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MONTHLY QUIZ: CT scans should be used in CLL:
- At time of diagnosis to establish a baseline.
- Before treatment to assess staging.
- After treatment to assess response.
- Only in combination with a PET scan to assess both anatomy and the metabolic activity of any nodes or masses.
- While they may be needed in some circumstances, outside of a clinical trial there is no mandatory role for CT imaging.
ANSWER: The correct answer is # 5. While there are many circumstances where a CT may be helpful, their routine use with diagnosis or treatment is not generally indicated. PET scans measure metabolic activity and are used to look for a second cancer such as Richter’s Transformation (RT). RT is more metabolic active than CLL and therefore and will “light up” on a PET scan. Outside of clinical trials, CT and PET scans are not helpful in the routine management our CLL. For more details, see: https://cllsociety.org/beyond-the-basics/what-about-ct-scans/
On July 23, 2019 the U.S. Food and Drug Administration (FDA) approved rituximab-pvvr a biosimilar to rituximab for treatment of CD20-positive non-Hodgkin B-cell Lymphoma and CLL. Others have been approved too, but it doesn’t mean that we can start saving money because none are available due to patent litigation. More info see: https://cllsociety.org/2019/07/approval-of-a-biosimilar-for-rituximab/
The Lymphoma & Myeloma Congress, an annual conference for advances, innovation and research on hematologic malignancies, is taking place October 23-26 in New York City. More info is available on https://cllsociety.org/upcoming- cll-patient-education-programs/
BASICS: Response to Therapy
In order to be consistent, doctors and researchers have agreed on standard ways to describe response to therapy. The definitions are actually quite technical and are changing. This is a simplified version. We start with the worst and work towards the best.
Progressive disease (PD): As the name suggests, the cancer continues to grow despite the treatment. This is not good news.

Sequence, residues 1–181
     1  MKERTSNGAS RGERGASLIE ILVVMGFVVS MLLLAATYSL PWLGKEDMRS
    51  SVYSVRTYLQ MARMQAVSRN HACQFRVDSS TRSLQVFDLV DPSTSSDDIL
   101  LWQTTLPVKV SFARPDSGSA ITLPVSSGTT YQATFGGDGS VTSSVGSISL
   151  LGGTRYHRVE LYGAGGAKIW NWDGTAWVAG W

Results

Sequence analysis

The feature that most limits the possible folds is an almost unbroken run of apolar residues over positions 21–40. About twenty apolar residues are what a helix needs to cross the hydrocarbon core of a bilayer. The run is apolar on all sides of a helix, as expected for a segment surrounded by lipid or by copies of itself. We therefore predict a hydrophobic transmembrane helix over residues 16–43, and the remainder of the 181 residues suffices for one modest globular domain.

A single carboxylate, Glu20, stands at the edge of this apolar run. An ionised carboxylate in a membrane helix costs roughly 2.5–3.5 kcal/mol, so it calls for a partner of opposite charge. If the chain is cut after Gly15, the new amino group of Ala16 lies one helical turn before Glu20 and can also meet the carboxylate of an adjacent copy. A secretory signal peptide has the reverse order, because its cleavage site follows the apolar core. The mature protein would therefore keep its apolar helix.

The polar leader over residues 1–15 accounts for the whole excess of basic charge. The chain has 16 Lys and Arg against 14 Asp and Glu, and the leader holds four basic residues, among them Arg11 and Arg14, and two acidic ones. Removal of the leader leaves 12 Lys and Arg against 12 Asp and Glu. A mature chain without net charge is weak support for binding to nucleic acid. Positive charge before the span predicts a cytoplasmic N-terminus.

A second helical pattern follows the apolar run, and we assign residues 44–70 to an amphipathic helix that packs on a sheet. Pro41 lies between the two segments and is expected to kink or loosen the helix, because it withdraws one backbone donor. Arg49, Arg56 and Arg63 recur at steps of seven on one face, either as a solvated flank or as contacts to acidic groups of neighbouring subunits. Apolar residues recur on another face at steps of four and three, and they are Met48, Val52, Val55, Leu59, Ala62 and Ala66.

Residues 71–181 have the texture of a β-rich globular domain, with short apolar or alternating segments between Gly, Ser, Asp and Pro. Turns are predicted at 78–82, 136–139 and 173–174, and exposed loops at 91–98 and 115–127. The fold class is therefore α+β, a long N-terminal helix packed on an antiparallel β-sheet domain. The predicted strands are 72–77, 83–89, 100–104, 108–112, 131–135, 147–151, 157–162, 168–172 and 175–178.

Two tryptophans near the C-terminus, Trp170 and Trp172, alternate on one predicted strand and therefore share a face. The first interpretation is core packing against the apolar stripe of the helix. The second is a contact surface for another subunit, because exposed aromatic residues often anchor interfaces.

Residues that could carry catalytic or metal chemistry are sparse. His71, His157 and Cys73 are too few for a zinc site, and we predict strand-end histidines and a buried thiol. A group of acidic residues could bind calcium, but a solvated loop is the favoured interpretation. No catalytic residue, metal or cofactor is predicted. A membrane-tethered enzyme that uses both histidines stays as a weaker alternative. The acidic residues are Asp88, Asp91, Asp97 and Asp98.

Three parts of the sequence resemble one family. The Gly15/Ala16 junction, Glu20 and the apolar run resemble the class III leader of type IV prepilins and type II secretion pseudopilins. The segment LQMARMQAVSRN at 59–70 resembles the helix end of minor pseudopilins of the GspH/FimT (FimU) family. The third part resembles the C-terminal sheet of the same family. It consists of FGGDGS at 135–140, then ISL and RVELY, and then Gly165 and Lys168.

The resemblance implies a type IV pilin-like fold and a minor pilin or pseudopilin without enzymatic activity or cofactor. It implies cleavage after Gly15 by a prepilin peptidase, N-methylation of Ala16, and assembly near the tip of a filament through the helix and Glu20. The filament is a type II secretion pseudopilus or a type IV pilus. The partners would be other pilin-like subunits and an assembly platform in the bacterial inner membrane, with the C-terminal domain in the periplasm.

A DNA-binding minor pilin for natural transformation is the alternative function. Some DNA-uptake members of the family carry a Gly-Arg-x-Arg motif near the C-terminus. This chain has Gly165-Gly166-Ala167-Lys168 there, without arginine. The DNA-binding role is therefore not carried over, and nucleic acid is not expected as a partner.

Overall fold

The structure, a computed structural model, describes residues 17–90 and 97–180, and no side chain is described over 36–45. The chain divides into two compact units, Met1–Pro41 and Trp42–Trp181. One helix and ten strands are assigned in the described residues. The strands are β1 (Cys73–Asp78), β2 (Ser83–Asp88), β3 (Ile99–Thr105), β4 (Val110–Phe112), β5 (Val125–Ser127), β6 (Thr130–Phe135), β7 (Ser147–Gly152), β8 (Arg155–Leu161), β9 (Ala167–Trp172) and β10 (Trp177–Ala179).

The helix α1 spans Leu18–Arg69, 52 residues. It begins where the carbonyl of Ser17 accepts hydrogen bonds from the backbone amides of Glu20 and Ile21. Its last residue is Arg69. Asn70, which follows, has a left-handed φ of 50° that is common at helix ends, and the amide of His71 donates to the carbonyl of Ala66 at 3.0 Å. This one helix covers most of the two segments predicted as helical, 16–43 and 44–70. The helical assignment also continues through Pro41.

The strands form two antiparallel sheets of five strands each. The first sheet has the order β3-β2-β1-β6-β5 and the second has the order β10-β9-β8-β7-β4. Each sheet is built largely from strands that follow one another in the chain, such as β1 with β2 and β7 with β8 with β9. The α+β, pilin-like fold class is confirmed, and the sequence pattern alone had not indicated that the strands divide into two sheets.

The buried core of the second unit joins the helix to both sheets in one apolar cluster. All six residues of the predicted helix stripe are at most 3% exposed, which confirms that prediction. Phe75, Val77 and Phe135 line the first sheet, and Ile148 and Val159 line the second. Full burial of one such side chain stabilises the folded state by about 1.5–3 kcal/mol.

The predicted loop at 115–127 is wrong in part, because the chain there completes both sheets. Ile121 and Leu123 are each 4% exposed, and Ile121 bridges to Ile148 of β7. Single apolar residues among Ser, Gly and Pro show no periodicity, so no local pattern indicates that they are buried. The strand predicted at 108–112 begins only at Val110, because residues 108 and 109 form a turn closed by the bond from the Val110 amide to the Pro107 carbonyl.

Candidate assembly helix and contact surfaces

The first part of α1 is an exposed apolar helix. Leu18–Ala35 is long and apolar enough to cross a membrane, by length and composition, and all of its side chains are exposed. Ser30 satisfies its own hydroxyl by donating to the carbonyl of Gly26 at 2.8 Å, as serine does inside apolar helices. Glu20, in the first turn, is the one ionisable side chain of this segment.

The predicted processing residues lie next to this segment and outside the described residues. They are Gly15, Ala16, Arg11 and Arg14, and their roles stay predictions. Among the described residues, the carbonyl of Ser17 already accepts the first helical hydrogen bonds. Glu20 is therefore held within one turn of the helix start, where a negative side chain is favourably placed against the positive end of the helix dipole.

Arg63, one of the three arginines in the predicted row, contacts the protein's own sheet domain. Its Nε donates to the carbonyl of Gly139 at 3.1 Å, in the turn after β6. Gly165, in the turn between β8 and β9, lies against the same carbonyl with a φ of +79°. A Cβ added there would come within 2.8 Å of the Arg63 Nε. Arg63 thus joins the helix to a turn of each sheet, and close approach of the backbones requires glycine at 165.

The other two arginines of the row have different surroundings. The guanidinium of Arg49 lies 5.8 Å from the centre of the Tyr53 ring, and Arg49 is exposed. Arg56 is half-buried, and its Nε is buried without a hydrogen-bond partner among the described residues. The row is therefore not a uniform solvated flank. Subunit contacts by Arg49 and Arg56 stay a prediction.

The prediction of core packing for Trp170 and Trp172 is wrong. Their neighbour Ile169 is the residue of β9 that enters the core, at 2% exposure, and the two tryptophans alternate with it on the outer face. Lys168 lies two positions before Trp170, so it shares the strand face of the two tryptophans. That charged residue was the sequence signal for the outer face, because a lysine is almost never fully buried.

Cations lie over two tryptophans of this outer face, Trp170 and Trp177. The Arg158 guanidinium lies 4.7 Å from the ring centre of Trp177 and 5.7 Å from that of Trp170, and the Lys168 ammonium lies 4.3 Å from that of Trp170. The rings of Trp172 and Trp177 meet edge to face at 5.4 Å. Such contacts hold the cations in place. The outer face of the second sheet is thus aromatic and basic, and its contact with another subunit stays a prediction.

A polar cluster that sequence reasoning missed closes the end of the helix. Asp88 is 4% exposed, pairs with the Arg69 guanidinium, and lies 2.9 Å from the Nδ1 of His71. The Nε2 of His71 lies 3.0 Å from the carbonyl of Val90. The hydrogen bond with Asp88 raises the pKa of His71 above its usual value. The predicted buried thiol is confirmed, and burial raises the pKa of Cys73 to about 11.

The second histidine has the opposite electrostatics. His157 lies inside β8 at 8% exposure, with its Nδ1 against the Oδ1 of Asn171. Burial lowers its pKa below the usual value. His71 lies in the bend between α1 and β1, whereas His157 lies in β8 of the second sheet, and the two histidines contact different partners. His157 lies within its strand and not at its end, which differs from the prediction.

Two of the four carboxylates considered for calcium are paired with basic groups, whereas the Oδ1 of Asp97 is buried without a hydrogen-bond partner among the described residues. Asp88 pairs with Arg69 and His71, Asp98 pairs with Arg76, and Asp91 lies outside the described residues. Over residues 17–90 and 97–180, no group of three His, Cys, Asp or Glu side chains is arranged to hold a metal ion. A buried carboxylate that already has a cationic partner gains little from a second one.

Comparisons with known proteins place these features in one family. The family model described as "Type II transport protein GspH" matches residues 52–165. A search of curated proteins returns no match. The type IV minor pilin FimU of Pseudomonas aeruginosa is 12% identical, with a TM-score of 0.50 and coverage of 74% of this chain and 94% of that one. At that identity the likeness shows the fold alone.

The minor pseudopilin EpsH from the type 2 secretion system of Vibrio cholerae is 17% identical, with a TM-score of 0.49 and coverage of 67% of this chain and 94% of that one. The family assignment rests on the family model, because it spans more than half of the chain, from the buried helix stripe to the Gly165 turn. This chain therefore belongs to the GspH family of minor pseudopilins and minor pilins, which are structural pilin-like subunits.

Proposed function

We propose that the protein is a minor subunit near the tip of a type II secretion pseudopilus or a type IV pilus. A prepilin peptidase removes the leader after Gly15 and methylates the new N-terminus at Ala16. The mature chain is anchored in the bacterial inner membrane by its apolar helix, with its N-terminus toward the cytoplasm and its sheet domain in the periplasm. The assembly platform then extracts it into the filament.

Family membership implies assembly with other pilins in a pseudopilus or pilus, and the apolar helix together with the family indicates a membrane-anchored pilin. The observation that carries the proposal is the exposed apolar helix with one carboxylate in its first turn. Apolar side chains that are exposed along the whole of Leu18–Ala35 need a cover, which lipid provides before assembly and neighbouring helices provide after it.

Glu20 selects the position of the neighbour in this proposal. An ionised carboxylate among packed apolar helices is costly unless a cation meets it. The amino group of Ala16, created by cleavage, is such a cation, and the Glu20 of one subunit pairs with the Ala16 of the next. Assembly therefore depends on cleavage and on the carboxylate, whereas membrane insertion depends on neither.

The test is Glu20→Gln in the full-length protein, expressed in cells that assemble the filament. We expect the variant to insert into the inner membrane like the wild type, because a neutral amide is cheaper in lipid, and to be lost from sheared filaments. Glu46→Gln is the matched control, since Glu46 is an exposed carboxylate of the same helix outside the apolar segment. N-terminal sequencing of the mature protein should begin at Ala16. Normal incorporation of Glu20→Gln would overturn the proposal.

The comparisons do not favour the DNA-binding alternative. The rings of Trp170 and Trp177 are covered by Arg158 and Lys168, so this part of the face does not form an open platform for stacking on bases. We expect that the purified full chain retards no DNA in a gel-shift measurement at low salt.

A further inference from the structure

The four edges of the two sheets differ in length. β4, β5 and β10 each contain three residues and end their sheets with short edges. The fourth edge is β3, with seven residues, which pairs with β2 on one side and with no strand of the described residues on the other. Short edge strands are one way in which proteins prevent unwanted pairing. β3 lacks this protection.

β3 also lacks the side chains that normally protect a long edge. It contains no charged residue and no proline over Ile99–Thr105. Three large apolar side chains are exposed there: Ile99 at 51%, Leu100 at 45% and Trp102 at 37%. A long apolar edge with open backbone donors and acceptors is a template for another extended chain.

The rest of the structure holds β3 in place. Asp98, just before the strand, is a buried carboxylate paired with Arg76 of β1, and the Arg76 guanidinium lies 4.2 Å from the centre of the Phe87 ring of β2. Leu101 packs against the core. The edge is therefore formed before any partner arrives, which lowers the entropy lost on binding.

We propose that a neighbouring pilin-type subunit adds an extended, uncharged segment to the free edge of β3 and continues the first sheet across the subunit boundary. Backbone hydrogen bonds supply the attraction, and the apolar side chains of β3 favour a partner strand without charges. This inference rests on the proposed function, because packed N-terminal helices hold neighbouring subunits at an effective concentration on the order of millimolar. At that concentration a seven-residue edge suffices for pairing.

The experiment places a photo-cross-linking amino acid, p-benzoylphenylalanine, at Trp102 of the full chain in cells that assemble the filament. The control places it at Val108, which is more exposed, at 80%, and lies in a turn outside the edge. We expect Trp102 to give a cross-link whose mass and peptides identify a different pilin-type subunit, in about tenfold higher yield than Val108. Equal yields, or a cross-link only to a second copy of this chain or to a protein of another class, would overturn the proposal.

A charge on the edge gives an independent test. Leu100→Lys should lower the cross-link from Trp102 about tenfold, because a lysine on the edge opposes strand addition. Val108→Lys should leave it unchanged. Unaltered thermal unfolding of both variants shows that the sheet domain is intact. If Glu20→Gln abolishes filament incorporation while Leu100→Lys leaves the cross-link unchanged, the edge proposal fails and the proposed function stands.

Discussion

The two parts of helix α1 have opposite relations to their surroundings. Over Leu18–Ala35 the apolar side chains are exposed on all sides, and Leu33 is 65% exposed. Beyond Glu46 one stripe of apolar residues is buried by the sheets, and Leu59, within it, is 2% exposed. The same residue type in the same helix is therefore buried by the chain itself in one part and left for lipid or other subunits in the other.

Stable disease (SD): The cancer neither progresses nor recedes. This can be a durable and quite an OK circumstance, especially if the CLL is not causing problems.
Partial Remission (PR): The cancer has been knocked back, but there are still cancer cells to be found in the blood or marrow or nodes. PR requires at least a 50% reduction in the size of lymph nodes and in the number of lymphocytes in the peripheral blood stream.
Complete Remission (CR): The absence of clonal lymphocytes in the blood is one of the major criteria. All lymph nodes need to be normal size (<1.5 cm). In a clinical trial, the confirmation of a CR usually requires a bone marrow biopsy that shows no CLL.
Undetectable Minimal Residual Disease (U-MRD): This is the best news with the longest durations of response. Special tests can be used to find a single CLL cell hiding among 10.000 or more cells in the blood or bone marrow. If no cells are found, you are U-MRD, a very good thing. Just to confuse things, it is possible to be U-MRD and be in a PR if your nodes are still enlarged. This happens when enlarged nodes don’t shrink back to normal size but are cancer free.
WORD OF THE MONTH: FLOW CYTOMETRY
Flow Cytometry is a powerful blood test that looks at markers on the cell surface. It is the test to confirm the diagnosis of CLL by identifying the typical clonal population of cells (CD19, CD20(dim), CD23 and CD5). It can also find CLL when there is only one cancer cell in 10,000 lymphocytes.
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